WASHINGTON—April 18, 2007—One-quarter of all states have implemented significantly tougher graduation requirements, and virtually every state has taken steps to ratchet up expectations for high school students, according to a national survey of high school reform efforts conducted by Washington, D.C.-based Achieve, Inc.
The survey updates the efforts of all 50 states to align their high school standards, graduation requirements, assessments, and accountability systems with the demands of college and work, and finds that at least 48 states are now actively engaged in reform efforts of some kind. There is more momentum in the states now than at any time since education reform became a national priority with the release of A Nation at Risk in 1983.
Some of the most dramatic progress has been made in the area of graduation requirements, where 13 states, up from just two in 2004, now require high school students to complete a college- and work-ready curriculum in order to earn a diploma. According to the survey report, Closing the Expectations Gap 2007, 16 additional states are taking steps to implement similar graduation requirements, which include four years of challenging mathematics at least through Algebra II and four years of rigorous English.
States have also achieved significant progress in making academic standards rigorous enough in English and mathematics so that they accurately reflect real world expectations, but have moved more slowly in developing complementary assessment systems and holding high schools accountable for the college-readiness of their students.
“While the federal government has been driving K-8 education policy, states are leading the way on high school reform,” said Michael Cohen, president of Achieve. “This is a heavy lift for governors, but their leadership is urgently needed as states take the steps to prepare young people to succeed in the global economy where good jobs increasingly require some postsecondary education. College-ready skills are a must for every high school graduate today.”
"Despite significant progress, there is still an expectations gap for a majority of American students between what is required of them in high school and what will be required of them after graduation,” said Matt Gandal, executive vice president of Achieve. “We owe it to all of our students to aim higher and arm them with the knowledge and skills they will need to be successful in college and the workplace. This is not just an economic imperative, it’s a moral imperative."
The report comes two years after 45 of the nation's governors joined leaders from education and business to make high school reform a national priority at the 2005 National Education Summit on High Schools. Acknowledging that too few high school students graduate prepared for college and 21st-century jobs, governors at the Summit committed to dramatic state action to raise high school expectations and achievement in order to help ensure the nation’s competitive position in the global economy.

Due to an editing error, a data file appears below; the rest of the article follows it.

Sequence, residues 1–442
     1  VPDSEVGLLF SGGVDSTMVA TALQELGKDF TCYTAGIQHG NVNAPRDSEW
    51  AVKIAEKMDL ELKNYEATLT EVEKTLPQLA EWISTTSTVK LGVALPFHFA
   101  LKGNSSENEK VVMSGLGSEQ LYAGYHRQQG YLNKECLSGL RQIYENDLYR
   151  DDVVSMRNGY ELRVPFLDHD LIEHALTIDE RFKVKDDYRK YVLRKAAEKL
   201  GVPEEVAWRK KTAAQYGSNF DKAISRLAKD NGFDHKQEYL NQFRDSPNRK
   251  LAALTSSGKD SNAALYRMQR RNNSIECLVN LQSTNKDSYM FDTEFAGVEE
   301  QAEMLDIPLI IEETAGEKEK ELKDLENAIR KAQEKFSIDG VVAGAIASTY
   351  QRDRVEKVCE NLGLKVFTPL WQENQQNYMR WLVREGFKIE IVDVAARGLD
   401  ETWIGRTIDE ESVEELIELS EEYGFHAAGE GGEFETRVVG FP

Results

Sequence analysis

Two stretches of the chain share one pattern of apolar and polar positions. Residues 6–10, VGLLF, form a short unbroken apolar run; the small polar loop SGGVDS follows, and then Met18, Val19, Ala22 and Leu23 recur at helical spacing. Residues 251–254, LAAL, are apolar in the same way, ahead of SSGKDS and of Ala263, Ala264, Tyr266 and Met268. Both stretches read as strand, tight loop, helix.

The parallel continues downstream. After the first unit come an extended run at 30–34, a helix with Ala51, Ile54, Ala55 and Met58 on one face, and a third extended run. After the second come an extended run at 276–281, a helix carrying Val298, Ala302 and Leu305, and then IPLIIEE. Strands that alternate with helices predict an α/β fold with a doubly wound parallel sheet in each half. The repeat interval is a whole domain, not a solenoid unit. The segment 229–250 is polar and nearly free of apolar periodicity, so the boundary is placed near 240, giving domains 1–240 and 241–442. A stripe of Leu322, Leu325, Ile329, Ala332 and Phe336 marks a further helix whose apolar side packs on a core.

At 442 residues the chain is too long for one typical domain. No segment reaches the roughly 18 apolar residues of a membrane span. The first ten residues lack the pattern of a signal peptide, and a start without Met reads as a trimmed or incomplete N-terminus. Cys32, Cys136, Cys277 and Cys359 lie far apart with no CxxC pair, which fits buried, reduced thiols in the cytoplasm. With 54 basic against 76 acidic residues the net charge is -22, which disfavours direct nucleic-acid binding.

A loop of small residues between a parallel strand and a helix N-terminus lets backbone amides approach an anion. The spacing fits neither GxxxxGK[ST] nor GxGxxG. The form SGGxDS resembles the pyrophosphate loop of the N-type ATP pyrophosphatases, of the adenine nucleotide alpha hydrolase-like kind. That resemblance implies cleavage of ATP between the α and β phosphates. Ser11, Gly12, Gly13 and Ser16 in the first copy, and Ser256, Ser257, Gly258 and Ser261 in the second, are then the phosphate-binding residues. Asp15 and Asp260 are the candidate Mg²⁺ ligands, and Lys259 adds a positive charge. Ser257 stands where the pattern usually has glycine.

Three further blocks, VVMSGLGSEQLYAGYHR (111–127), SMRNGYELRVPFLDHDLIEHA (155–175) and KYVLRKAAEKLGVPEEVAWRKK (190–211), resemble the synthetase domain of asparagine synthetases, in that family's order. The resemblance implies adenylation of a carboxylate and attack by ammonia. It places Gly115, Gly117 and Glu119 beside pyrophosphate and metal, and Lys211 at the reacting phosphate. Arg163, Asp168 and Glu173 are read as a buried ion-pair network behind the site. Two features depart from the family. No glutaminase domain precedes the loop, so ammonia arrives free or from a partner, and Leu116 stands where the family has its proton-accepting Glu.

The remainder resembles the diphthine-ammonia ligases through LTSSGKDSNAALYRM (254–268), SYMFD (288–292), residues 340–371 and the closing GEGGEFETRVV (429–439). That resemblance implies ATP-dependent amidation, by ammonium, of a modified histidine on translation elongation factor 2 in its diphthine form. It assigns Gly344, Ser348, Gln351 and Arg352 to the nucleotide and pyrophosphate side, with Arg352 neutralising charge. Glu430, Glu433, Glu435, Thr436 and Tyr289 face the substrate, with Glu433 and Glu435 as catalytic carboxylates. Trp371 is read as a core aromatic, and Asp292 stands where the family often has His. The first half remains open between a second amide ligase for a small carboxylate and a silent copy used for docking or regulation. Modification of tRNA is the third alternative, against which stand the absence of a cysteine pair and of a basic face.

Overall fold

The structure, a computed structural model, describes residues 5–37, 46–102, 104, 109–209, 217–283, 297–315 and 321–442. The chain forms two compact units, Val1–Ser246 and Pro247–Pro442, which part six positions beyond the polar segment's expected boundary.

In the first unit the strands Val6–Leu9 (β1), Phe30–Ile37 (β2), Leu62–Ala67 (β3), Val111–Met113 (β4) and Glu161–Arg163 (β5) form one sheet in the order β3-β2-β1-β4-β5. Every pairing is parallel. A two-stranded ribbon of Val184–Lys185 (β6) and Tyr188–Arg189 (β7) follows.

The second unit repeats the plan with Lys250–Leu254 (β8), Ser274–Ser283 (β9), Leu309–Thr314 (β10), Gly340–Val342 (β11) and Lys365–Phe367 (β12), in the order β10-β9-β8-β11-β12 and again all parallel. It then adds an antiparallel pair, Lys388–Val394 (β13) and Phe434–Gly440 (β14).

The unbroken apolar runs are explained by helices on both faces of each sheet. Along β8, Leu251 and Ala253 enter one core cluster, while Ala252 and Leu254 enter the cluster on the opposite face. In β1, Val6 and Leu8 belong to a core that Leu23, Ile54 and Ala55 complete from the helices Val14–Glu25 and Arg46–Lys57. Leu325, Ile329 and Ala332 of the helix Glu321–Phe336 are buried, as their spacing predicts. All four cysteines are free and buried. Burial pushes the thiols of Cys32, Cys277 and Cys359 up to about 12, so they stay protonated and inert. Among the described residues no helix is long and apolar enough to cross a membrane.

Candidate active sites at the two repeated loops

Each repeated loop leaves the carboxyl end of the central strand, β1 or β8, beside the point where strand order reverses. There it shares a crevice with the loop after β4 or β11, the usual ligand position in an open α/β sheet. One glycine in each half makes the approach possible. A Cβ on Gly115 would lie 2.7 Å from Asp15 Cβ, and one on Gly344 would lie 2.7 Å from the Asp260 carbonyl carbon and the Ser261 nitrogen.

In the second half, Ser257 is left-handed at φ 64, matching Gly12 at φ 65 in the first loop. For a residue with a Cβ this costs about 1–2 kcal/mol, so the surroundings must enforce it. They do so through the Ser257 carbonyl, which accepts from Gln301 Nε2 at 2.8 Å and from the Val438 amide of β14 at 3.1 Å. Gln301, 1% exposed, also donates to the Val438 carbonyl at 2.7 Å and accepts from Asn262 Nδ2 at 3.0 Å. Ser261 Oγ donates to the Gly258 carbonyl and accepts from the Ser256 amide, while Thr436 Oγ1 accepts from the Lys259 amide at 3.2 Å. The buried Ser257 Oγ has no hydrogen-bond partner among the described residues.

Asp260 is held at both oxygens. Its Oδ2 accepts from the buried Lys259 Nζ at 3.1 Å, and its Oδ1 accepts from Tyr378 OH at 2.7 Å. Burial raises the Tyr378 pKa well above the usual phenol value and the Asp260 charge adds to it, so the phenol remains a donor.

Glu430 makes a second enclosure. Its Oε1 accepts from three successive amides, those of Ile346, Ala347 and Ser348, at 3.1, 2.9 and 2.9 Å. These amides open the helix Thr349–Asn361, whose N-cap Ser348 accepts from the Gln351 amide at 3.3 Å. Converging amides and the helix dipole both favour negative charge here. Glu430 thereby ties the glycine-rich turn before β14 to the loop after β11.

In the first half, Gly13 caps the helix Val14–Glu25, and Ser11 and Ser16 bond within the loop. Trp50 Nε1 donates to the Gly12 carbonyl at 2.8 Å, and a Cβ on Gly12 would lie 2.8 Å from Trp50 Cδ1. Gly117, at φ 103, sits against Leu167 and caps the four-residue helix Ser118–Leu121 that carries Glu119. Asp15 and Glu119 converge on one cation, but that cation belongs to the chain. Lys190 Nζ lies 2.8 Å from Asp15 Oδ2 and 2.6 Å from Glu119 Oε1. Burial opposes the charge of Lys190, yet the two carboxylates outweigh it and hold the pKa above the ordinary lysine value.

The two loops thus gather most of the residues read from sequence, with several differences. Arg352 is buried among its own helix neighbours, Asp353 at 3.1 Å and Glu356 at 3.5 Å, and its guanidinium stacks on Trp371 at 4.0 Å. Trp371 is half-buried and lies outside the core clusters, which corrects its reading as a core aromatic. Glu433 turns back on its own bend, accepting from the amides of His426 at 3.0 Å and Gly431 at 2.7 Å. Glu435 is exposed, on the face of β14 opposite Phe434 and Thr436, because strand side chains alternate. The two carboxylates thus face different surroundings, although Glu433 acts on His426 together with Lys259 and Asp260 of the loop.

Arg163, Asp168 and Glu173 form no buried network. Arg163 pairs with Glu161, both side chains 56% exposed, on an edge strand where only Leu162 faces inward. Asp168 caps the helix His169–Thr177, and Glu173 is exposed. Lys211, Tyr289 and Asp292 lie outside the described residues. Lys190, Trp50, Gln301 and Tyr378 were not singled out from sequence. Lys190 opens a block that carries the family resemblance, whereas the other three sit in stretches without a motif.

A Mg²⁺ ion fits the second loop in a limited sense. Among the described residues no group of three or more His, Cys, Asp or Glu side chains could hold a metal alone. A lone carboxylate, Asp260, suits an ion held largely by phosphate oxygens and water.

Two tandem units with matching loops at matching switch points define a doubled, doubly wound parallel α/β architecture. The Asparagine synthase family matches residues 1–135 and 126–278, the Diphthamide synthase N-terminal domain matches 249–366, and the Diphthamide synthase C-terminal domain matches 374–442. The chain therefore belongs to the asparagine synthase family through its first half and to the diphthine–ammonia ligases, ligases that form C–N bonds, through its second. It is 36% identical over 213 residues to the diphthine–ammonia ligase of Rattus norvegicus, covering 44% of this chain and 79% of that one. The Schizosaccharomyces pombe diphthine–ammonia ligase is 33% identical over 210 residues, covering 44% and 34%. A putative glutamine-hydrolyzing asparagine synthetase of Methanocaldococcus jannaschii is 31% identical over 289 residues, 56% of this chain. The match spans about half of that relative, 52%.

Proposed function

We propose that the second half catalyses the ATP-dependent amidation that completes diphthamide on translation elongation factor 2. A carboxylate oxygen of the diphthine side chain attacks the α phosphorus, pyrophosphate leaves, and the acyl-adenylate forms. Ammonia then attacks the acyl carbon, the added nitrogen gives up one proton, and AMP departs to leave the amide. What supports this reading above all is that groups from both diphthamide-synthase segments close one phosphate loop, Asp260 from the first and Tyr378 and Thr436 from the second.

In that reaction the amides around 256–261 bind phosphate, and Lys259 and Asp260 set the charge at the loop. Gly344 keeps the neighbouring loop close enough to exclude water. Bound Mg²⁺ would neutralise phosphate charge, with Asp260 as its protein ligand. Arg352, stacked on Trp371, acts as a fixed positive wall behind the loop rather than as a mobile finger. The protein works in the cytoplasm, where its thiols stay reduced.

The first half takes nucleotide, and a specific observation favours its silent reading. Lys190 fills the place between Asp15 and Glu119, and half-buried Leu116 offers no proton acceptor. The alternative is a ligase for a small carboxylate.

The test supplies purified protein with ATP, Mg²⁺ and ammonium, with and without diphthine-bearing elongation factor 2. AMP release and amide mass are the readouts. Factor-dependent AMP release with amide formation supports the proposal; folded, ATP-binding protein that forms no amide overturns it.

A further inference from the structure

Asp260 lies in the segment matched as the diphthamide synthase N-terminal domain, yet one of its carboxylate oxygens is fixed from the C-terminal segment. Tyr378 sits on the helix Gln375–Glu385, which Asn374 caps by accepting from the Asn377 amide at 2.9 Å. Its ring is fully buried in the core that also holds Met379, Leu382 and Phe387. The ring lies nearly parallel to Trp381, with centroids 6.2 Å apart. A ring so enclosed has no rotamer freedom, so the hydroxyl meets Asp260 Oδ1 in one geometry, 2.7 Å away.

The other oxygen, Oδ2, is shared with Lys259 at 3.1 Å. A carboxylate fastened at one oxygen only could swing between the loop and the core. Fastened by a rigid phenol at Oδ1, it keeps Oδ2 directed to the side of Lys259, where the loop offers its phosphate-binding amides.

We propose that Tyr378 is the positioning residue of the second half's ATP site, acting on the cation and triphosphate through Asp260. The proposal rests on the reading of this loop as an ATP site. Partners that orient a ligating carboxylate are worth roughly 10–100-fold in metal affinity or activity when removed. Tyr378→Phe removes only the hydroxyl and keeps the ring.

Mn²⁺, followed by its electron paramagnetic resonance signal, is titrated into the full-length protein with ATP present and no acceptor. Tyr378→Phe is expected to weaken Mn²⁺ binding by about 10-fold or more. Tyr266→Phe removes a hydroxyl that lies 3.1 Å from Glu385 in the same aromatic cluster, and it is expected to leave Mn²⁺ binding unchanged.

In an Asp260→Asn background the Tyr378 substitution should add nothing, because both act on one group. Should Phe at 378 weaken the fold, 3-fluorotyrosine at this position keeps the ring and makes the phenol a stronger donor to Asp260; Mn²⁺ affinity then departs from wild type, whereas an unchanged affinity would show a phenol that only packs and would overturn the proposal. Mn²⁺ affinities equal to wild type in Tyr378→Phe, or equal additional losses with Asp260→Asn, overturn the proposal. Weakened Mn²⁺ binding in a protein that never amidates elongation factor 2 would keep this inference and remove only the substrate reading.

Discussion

One of the most significant commitments made at the 2005 Summit was the creation of the American Diploma Project (ADP) Network, a group of 13 states committed to preparing all students for college and work. Since the Summit the ADP Network has grown to include 29 states which collectively educate nearly 60 percent of all U.S. public school students. Achieve provides policy leadership, technical assistance and other support to ADP Network states (separately, Achieve announced recently that nine states within the ADP Network are now in the process of developing a common Algebra II end-of-course test).
In summary, Achieve’s report includes an analysis of high school reform efforts in several key categories, including:
Graduation Requirements: 13 States, up from just two in 2004 require high school students to complete a college and work ready curriculum to earn a diploma.
- Academic Standards: 12 states report that their high school standards are aligned with college and workplace expectations, more than double the number from a year ago; 32 more states are in the process of aligning standards or plan to do so.
- Assessment: nine states administer high school assessments that are also used by higher education to place students in credit bearing courses, and 21 others have plans to build such systems.
- Accountability: nine states now hold high schools accountable for the college readiness of their graduates and offer incentives for improving college-ready graduation rates, while eight more are planning to do so.
- Data Systems: five states now have longitudinal data systems that can track students from pre-K through college graduation; all but three states have plans to develop such systems.
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Created by the nation’s governors and business leaders, Achieve, Inc, is a bipartisan, non-profit organization that helps states raise academic standards, improve assessments and strengthen accountability to prepare all young people for postsecondary education, work and citizenship. Achieve was founded at the 1996 National Education Summit and has sponsored subsequent Summits in 1999, 2001 and 2005. At the 2005 Summit, Achieve launched the American Diploma Project Network, a coalition of 29 states committed to aligning high school expectations with the demands of college and the workplace. For more information, please visit www.achieve.org.